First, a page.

Better spend P500M on English proficiency for all schoolchildren

Harold F. Schiffman haroldfs at
Sun Jun 18 12:51:49 UTC 2006

>>From the Manila Sunday Times,
Sunday, June 18, 2006

Better spend P500M on English proficiency for all schoolchildren

For decades, the troubled Philippine economy has been able to bank on one
key asset in attracting foreign investorsthe Filipino peoples being
generally proficient in English. This has helped the country win BPO
(business processes outsourcing) contracts. But BPO contracts are now at
risk as foreign buisinessmen find out that there has been a sharp decline
in English proficiency here compounded by failing school standards and a
mass exodus of linguistically skilled professionals. Business leaders are
starting to question just how long the country can go on touting its
people's English skills. Some local and foreign business groups are so
concerned that they have started their own language centers to fill the
gaps left by a deteriorating school system.

Individuals applying for call-center jobs endure stringent screening, go
through strict training and even have to execute specialized tasks
required by the company. The call center industry seek agents who possess
all the necessary qualifications. P500 million is a large amount of money.
It isn't wise at all to pour half a billion pesos in support of call

Root of the problem

Let's look at the root of the problem. Not just the call center industry
but the entire BPO industry is forecast to suffer a shortage of
English-speaking Filipinos. English-language proficiency is a major
requirement not only in call centers, but in the entirety of the
contemporary employment environment. English is the global language of
success in the worlds of business, banking, aviation, manufacturing, the
academe, science, technology, the arts, the film, TV, radio and print
media. This issue of the Filipinos' poor English-speaking and
comprehension skills is not new. Various Philippine presidential
administrations have carried out programs after programs to rescue English
proficiency from total disappearance here.  But the decline has gone
unremittingly on. It is commonplace to hear of verified testimonies by
teachers themselves that most of the elementary school graduates who enter
high school are not qualified at all and that most of those who finish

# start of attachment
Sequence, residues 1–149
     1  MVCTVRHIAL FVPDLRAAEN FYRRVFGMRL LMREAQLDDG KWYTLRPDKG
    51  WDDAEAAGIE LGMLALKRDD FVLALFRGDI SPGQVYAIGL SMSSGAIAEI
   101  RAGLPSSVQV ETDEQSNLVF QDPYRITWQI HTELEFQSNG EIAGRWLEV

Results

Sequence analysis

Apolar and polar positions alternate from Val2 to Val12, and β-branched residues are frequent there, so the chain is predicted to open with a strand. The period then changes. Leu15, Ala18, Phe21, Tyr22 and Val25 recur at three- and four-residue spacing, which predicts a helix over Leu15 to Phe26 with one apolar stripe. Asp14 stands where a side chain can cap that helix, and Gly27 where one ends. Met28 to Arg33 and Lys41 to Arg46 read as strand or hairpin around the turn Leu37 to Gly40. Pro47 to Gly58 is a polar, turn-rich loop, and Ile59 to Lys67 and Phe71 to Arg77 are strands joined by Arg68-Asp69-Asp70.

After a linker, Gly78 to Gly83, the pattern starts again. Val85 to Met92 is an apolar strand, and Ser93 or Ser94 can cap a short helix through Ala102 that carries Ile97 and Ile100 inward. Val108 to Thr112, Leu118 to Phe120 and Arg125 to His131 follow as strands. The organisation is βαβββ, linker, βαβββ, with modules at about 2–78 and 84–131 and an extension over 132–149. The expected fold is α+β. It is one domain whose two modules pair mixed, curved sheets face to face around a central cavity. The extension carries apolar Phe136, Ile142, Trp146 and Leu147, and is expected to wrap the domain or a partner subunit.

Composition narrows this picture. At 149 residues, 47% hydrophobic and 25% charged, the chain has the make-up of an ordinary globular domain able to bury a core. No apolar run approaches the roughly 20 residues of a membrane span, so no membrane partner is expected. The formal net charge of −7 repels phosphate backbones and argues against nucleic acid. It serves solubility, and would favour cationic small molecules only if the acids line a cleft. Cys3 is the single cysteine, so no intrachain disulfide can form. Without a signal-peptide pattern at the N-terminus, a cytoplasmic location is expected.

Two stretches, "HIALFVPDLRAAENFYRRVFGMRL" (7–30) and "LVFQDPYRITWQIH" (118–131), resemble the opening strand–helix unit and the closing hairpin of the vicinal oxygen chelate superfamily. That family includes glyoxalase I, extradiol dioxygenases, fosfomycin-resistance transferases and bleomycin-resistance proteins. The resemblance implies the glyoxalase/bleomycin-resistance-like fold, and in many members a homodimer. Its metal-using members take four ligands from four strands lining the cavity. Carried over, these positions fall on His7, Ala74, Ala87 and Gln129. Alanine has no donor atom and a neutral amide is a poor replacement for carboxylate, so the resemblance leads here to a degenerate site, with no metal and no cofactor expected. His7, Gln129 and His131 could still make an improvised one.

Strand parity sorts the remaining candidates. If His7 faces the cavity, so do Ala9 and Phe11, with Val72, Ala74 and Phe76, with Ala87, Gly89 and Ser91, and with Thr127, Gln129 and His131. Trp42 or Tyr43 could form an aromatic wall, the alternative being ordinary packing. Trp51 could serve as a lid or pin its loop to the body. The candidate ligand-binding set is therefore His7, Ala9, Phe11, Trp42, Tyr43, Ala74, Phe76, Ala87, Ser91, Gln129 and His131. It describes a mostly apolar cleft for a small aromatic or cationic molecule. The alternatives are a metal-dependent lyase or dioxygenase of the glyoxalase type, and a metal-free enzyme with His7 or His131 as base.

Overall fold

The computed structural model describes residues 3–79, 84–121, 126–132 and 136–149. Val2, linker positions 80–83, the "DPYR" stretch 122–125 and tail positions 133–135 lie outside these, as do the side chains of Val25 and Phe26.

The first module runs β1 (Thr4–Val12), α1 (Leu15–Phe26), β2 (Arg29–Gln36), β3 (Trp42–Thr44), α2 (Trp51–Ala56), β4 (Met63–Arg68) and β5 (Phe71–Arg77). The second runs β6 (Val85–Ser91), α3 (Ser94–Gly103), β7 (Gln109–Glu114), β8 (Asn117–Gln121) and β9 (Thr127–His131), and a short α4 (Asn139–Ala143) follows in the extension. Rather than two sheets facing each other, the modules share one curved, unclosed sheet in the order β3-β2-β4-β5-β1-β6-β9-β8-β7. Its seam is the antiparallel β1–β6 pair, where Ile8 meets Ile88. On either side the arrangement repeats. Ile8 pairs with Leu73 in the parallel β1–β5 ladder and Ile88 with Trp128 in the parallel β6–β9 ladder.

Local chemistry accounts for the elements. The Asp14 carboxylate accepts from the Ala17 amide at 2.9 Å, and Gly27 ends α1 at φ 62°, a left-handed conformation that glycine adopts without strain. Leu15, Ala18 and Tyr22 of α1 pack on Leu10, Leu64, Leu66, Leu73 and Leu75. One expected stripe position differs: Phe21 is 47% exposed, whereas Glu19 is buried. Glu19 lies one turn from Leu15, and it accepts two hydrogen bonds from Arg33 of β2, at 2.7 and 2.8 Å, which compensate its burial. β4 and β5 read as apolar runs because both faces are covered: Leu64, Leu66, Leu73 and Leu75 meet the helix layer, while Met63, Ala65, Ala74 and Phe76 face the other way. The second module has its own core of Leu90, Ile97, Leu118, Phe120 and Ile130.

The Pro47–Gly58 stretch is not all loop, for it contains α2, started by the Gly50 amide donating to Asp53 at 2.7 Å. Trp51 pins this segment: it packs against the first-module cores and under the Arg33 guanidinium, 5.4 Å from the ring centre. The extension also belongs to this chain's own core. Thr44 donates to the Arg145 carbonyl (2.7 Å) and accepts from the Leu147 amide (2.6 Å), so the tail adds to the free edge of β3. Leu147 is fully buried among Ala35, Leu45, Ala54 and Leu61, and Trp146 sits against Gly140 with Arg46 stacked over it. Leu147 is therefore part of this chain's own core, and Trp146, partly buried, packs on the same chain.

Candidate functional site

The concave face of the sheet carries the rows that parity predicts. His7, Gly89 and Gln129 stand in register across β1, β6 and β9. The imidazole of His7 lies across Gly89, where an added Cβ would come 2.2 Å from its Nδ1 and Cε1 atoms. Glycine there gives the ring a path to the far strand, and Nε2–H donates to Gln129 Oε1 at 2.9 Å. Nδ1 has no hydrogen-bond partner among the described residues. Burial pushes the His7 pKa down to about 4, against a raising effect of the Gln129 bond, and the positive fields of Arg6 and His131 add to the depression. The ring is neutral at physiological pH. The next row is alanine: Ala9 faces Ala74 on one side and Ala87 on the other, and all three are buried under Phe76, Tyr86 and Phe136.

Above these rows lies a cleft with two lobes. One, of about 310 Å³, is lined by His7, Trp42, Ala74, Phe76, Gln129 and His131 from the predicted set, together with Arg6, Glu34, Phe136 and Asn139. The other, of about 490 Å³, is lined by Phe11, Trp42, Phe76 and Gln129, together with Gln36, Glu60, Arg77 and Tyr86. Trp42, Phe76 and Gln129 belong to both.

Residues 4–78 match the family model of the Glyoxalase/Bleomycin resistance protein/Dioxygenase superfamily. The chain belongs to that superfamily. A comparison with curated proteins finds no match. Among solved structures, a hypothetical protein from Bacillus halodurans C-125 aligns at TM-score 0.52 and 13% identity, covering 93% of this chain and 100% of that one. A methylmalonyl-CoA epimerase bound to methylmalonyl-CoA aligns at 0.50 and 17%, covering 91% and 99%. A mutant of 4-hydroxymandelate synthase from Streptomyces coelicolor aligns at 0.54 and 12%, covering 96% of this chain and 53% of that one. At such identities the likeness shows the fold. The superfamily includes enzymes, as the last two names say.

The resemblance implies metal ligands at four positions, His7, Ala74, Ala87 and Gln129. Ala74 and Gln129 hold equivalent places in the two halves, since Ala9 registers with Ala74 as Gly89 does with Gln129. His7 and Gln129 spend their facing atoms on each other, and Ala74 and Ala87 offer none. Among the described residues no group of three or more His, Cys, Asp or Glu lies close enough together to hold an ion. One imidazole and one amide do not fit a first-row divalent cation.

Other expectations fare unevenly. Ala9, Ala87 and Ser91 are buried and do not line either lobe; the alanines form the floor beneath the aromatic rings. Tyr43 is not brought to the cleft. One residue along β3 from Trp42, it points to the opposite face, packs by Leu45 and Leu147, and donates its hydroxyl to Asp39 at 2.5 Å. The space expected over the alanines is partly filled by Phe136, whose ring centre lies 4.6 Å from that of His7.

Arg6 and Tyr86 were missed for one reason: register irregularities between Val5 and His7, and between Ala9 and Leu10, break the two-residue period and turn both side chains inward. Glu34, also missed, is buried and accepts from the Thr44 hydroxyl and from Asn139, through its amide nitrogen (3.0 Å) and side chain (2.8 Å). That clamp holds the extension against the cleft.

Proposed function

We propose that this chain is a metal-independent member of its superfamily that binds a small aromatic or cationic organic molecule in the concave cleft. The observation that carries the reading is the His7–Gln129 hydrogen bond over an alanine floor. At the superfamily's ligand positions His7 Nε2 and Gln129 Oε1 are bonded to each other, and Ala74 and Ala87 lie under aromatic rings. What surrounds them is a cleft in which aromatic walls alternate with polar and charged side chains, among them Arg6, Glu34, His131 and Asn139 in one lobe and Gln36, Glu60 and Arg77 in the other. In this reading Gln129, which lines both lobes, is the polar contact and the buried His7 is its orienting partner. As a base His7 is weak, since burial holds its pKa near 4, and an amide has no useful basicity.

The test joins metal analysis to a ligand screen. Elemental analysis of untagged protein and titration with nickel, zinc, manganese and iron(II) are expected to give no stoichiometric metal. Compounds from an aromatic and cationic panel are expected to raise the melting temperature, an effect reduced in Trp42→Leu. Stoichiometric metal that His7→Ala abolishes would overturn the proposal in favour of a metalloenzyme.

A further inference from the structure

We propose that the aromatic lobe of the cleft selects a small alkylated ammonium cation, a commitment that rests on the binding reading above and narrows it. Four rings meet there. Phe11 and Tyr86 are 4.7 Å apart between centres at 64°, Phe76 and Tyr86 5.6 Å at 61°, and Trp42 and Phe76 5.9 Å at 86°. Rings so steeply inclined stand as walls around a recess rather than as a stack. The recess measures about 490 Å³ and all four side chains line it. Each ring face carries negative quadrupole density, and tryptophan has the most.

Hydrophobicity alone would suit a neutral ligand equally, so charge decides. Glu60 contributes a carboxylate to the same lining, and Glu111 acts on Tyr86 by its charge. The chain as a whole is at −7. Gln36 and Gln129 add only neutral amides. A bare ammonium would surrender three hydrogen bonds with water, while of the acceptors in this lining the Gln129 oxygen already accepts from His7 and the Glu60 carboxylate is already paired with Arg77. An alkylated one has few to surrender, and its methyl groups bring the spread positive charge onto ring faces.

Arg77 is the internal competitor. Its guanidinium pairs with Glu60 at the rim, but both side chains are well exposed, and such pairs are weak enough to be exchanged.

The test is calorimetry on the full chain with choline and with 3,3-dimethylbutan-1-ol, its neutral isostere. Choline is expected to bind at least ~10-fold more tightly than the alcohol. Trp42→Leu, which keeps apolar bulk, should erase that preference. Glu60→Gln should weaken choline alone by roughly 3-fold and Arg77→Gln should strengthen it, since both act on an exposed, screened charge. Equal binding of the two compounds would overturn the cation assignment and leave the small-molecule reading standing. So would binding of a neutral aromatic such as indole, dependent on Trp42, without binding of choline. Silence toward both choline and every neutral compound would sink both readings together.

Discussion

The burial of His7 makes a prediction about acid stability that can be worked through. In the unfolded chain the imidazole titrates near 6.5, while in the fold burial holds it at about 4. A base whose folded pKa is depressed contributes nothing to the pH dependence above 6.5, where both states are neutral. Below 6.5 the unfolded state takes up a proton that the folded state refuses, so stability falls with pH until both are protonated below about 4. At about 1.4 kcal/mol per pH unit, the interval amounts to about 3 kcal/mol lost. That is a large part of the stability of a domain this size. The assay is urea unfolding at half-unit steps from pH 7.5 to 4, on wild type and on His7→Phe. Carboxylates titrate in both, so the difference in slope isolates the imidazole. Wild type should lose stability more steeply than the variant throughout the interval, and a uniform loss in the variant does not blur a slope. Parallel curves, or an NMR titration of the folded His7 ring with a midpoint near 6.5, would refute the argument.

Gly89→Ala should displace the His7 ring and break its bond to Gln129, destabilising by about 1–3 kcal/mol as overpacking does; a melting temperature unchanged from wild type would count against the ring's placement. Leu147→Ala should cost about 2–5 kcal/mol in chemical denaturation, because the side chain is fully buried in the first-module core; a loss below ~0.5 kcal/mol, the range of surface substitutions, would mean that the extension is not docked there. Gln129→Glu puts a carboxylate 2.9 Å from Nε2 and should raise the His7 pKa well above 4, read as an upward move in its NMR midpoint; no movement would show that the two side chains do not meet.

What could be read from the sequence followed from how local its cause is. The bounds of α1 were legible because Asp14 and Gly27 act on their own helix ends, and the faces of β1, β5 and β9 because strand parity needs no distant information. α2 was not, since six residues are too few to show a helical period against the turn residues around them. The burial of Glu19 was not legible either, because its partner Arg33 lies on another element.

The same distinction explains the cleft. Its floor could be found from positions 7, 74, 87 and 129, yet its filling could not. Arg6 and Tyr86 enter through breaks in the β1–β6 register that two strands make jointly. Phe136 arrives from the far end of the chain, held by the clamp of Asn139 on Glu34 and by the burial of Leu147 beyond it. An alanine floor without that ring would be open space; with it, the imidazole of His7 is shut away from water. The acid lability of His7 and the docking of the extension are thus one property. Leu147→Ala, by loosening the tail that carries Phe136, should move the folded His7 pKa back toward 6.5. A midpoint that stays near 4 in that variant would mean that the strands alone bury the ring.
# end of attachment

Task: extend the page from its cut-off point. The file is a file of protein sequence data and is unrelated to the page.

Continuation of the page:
high school and are supposed to be qualified to enter a college have the
educational level of Sixth Graders or just a little better.

The emphasis on vocational education without reemphasizing the need to
excel in English fluency and comprehension is a wrong policy. A recent
Social Weather Stations (SWS) survey found that the self-assessed
proficiency in the English language of Filipinos, especially on the
ability to speak it, has dropped over the past 12 years. This and the fact
that only 6.59 percent of senior high-school students have mastery of
English (seen in the recent tests conducted by DepEd) only show the
alarming state of English-teaching in our country today.

Start in schools

Industry leaders believe that upgrading the language skills of Filipinos
should start in school. They say the countrys education system should
improve by starting with the reinstatement of the English language as its
medium of instruction. English-language proficiency training should be
given in school as early as the primary grades, is universally heard from
lawmakers and educatorsexcept the leftists. For sure, the government is
aware of these statistics. Why then, is it implementing a call center
training program when the root of the problem is the poor English-language
skills of Filipinos? The P500 million is misallocated, a DepEd official
who refused to be named told a Manila Times senior editor.  Senators and
congressmen leading the education committees of their chambers says the

With the huge amount of money the President has released for her Tesda
Training for Work scholarships program, she should have told DepEd to
implement an English-language skills training program for teachers and
specially qualified students. Then she should have made sure the job was
then [done] properly and zealously. That should have struck at the root of
the problem. It would have benefited not only 100,000 aspiring call-center
agents but millions more Filipinos. --Sherryl Quito

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